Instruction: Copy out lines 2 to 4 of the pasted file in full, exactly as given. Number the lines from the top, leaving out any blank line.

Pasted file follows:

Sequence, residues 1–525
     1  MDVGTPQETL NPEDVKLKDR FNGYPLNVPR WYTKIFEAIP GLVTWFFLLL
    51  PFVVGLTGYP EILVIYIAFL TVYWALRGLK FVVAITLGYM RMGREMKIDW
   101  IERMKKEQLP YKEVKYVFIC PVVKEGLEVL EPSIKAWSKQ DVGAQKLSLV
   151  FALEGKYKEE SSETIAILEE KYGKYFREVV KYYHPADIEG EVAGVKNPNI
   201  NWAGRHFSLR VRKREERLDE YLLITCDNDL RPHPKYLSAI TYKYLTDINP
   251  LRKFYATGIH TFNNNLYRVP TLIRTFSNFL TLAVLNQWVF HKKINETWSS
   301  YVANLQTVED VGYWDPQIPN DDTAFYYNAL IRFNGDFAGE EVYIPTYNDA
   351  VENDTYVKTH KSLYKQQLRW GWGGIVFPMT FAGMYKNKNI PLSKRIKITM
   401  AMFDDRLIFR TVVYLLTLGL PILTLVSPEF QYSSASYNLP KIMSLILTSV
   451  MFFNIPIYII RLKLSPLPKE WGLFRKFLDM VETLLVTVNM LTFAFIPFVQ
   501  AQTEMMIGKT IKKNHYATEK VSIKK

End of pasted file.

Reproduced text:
     1  MDVGTPQETL NPEDVKLKDR FNGYPLNVPR WYTKIFEAIP GLVTWFFLLL
    51  PFVVGLTGYP EILVIYIAFL TVYWALRGLK FVVAITLGYM RMGREMKIDW
   101  IERMKKEQLP YKEVKYVFIC PVVKEGLEVL EPSIKAWSKQ DVGAQKLSLV